Within the sexological community the sex addiction model is a contentious one. I have always believed people are responsible for their behavior. Self-identifying as a sex addict often stems from that individual’s sex partner not wanting as much sex as they do or feeling an internal drive or urge for sex and not handling these feelings within the framework of what society consider’s a ‘normal’ situation.
Even the DSM-5 did not include sex addiction in their recently revised edition.
Excerpts from article on recent sex addiction research:
Celebrities Tiger Woods, Russell Brand and David Duchovny all blamed their copious amounts of sex on a disorder: sex addiction.
But UCLA researchers say sex addiction does not appear to be a disorder, according to their study, which appears in the current online edition of the journal Socioaffective Neuroscience and Psychology.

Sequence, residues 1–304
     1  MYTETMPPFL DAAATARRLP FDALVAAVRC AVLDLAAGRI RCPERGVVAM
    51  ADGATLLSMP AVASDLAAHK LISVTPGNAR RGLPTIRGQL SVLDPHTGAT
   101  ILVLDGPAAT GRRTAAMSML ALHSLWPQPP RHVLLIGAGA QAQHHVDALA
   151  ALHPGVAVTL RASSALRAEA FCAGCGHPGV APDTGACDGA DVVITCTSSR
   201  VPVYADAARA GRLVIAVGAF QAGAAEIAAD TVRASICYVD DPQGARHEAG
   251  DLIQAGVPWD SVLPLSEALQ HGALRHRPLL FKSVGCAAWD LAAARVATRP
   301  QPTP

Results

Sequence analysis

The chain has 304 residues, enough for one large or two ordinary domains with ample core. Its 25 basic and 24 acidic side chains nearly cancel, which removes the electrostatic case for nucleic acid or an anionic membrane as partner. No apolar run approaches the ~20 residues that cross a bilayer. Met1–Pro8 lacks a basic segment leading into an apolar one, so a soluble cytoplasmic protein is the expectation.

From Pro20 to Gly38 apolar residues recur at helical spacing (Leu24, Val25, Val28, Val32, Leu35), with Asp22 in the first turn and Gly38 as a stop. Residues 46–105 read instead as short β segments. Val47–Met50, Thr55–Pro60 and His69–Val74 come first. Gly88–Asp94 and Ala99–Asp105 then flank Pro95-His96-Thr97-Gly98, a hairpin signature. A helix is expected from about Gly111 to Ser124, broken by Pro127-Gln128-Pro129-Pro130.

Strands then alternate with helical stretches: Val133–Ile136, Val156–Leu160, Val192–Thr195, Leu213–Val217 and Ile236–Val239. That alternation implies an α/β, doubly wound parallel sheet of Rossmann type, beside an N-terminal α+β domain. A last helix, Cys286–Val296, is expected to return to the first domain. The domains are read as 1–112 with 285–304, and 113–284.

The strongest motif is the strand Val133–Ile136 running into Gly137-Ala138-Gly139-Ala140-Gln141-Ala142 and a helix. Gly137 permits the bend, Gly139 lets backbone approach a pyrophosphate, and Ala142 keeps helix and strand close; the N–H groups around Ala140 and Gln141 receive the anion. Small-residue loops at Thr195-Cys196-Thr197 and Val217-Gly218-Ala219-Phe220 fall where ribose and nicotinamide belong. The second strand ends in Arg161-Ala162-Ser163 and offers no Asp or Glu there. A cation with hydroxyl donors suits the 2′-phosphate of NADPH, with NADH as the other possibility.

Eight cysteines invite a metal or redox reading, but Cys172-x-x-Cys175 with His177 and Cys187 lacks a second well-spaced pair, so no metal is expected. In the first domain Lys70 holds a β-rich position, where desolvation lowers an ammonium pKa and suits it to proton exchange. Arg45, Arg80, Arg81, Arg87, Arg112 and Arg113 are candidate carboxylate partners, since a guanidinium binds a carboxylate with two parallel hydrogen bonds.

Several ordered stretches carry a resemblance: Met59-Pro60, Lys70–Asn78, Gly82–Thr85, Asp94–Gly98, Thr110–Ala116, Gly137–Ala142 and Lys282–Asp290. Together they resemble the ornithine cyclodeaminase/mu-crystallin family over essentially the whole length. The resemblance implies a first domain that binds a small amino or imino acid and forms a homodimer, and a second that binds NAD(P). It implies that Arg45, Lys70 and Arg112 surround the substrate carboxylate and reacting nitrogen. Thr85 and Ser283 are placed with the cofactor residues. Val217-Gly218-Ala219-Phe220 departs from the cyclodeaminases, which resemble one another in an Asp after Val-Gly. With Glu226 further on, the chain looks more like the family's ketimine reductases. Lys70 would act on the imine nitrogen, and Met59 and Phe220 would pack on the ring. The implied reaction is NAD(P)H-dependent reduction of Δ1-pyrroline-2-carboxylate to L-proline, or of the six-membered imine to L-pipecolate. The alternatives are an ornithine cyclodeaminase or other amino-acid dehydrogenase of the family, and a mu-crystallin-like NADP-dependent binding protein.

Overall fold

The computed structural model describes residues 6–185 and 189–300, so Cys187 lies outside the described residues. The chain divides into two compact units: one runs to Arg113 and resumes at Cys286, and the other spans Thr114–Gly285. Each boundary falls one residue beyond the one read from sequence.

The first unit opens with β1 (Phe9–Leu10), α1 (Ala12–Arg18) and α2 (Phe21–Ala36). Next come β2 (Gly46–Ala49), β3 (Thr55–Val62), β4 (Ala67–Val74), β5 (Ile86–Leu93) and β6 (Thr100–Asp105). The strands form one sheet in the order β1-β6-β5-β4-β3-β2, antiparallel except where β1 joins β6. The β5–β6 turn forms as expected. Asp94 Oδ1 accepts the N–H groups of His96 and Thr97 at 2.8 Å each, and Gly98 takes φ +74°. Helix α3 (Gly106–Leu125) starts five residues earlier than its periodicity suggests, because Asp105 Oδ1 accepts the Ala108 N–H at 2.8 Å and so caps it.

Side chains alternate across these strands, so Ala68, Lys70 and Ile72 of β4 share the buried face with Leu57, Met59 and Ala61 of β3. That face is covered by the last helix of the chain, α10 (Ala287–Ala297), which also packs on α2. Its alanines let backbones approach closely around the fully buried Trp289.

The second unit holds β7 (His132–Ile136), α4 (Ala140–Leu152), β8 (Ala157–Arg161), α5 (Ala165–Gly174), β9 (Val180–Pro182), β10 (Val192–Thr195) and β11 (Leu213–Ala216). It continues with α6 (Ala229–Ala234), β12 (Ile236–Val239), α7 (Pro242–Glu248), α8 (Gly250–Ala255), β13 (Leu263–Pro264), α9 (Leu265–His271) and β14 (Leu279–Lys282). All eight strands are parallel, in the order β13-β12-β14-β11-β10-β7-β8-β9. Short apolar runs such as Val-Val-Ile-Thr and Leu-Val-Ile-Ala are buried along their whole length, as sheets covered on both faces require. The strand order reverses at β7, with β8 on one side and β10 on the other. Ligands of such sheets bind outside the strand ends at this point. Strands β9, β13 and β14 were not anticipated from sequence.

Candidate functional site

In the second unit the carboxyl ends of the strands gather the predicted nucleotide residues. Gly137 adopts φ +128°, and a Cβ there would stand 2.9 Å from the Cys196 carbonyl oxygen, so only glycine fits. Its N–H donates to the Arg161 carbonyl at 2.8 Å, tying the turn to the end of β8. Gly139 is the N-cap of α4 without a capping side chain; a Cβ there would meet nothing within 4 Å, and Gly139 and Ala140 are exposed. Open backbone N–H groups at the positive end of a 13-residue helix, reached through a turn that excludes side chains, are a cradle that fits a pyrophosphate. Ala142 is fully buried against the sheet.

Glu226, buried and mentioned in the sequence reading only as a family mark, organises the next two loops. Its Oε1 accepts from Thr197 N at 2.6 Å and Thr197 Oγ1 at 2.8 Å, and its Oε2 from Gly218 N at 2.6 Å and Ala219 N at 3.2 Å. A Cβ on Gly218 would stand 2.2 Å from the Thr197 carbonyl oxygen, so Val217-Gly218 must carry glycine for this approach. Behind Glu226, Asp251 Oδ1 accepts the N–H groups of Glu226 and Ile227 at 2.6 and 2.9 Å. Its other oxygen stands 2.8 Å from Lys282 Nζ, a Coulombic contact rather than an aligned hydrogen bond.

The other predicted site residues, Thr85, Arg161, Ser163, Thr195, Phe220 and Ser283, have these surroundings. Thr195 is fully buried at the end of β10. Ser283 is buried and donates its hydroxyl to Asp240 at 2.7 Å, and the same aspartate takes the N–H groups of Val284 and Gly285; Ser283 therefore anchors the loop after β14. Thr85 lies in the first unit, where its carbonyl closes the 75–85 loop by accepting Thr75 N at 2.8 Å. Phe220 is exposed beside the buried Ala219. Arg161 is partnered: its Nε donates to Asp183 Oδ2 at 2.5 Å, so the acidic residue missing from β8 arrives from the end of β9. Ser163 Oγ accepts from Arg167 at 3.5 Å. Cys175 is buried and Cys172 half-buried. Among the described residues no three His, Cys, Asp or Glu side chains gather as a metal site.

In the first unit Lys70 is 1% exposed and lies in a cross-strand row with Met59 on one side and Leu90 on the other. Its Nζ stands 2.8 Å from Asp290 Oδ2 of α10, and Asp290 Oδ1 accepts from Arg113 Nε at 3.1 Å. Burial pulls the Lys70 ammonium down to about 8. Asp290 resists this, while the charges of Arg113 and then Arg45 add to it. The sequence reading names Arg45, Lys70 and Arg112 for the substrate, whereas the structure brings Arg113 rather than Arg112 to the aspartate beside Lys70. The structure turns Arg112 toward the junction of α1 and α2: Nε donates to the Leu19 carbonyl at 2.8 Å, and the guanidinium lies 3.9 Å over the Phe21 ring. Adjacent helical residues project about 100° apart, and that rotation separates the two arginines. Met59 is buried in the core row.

The study involved 39 men and 13 women who reported having problems controlling their viewing of sexual images. UCLA scientist Nicole Prause and her colleagues monitored the volunteers’ brains while showing them erotic images.
“If they indeed suffer from hypersexuality, or sexual addiction, their brain response to visual sexual stimuli could be expected to be higher, in much the same way that the brains of cocaine addicts have been shown to react to images of the drug in other studies,” a UC press release on the study explained.
And yet, that did not happen. Instead of being caused by an actual disorder, hypersexuality may be a result of having a high libido, Prause said.
“Potentially, this is an important finding,” she said in the press release. “It is the first time scientists have studied the brain responses specifically of people who identify as having hypersexual problems.”